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As modellers, we can no longer sit back and take no responsibility for the forecasts made with our models

Tom van Vuren
A number of high-profile infrastructure projects in the UK (CrossRail 2, airport expansion, HS2) will have their demand forecasts scrutinised at a greater level of detail and more publicly than we are generally used to
A number of high-profile infrastructure projects in the UK (CrossRail 2, airport expansion, HS2) will have their demand forecasts scrutinised at a greater level of detail and more publicly than we are generally used to


If you had asked me five years ago what the main role of a transport modeller is, I would have said: 'to develop and use good transport models, but not to determine the required inputs about the future'. In my view that would have been the job of another expert, an economist perhaps, or a demographer. I would have said that good transport models would obviously show a good fit to observed data, and that we as modellers should be able to show that, when forecasting, the output elasticities were reasonable (the kinds of tests we have for showing such reasonableness are quite limited at the moment, but that is a discussion for another day).

I would have said quite firmly that we as modellers cannot take responsibility for the forecasting of input parameters (such as population, economic or technological development). Our job was to create and apply the tool diligently – we had and should have, as the saying goes, no skin in the game, ensuring objectivity.  If forecasts turned out wrong, due to erroneous future input assumptions that had been provided by others, it wasn’t our fault.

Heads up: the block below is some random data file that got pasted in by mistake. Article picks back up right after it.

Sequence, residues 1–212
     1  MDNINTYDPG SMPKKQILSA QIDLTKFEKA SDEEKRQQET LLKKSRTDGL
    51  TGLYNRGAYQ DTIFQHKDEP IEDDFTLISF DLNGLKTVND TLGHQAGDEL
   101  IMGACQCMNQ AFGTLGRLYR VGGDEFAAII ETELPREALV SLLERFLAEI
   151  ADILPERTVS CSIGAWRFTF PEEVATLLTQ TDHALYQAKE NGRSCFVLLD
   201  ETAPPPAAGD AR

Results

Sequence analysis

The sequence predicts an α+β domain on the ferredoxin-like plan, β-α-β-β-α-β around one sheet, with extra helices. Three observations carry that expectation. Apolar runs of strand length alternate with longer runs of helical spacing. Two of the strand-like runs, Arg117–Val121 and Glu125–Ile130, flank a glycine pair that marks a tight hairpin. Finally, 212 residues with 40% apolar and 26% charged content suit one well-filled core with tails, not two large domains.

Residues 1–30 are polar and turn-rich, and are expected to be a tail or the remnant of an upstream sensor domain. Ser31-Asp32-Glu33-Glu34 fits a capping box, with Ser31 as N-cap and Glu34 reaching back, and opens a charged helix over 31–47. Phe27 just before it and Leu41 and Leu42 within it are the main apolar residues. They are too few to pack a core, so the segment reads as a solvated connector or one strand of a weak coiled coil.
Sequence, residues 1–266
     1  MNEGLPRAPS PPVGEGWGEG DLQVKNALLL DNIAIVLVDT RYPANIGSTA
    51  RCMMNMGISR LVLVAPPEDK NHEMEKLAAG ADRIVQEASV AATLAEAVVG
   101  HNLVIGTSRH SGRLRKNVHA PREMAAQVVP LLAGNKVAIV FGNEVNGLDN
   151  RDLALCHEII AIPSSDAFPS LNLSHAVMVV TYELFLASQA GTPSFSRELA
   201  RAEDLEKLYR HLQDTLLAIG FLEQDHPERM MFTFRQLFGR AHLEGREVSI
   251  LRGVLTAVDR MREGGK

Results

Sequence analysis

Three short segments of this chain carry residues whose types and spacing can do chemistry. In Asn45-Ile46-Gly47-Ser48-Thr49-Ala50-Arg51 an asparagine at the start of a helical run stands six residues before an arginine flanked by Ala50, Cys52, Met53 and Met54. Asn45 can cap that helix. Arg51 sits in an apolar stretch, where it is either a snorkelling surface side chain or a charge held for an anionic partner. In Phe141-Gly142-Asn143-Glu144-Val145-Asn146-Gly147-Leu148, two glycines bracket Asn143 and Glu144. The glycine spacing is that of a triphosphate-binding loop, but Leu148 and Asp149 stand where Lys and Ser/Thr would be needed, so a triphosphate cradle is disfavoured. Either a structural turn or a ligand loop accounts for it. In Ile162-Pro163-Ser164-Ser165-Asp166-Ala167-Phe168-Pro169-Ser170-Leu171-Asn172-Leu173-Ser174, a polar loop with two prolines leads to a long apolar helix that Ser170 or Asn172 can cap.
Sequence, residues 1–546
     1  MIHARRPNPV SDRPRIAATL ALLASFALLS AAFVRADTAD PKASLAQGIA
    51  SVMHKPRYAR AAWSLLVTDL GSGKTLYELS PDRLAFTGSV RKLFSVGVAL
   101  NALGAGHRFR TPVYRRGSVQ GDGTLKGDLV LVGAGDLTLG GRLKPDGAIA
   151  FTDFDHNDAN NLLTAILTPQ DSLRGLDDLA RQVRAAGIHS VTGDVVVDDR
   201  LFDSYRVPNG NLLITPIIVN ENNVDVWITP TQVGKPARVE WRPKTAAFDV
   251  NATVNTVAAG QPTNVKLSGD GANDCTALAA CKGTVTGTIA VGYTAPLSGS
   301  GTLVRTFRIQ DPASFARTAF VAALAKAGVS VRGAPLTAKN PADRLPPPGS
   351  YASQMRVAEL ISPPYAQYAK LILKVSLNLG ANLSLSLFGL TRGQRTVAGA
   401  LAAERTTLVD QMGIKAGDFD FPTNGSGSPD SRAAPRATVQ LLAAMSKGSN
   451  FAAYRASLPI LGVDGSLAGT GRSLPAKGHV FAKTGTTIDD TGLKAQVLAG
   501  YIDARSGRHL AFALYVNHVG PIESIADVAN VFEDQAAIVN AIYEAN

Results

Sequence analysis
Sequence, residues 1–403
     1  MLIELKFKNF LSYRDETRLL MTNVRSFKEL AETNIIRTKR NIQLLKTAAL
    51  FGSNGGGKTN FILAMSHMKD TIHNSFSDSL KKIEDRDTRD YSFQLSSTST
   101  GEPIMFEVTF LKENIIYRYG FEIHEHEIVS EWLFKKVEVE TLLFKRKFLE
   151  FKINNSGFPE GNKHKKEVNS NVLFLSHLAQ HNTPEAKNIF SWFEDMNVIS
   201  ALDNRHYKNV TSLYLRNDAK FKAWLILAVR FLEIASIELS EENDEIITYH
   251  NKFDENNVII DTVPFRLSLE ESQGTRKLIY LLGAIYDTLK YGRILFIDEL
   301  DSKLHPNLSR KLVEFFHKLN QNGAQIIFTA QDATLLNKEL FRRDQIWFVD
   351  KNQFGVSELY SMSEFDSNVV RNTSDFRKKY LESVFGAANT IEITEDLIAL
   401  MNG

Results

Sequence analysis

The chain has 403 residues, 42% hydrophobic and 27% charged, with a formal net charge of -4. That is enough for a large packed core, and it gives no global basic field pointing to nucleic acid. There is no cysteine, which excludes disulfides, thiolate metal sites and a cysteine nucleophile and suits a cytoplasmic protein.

Nowadays I feel quite different. There are plenty and recent examples of international model forecasts that were way off outturn flows. A number of high-profile infrastructure projects here in the UK (CrossRail 2, airport expansion, HS2) will have their demand forecasts scrutinised at a greater level of detail and more publicly than we are generally used to. The debate about the impact of technological transformation and behavioural change on travel demand has only just started and illustrates an uncertainty about the future inputs to our models that is much greater than we have traditionally experienced. As modellers we can no longer sit back and take no responsibility for the forecasts made with our models.

First, poor forecasting using our carefully crafted models brings our profession into unnecessary disrepute.  The problems with some of the toll roads forecasts gone wrong in Australia have tainted the modelling profession as a whole; and most calls made to punish modellers for poor forecasts, which so outraged many in our profession, were based on forecasts having been made by those that did not necessarily develop the original tools, with the modellers no longer controlling the input parameters.

Second, most of our clients don’t want to buy just a model, they want to buy a forecast, or forecasts. An analogy – you don’t want to hire a plumber in general, but you want your leaking radiator fixed (admittedly by a qualified professional with a proper toolkit).  Too often, we as modellers run out of time or budget to derive the real decision support value out of the efforts and costs expended on model development, a single forecast is made and the tool gathers dust. Job done. I am not saying that our clients want a particular outcome from our forecasts – what I mean is that it is the application of the model that creates the value, not the development.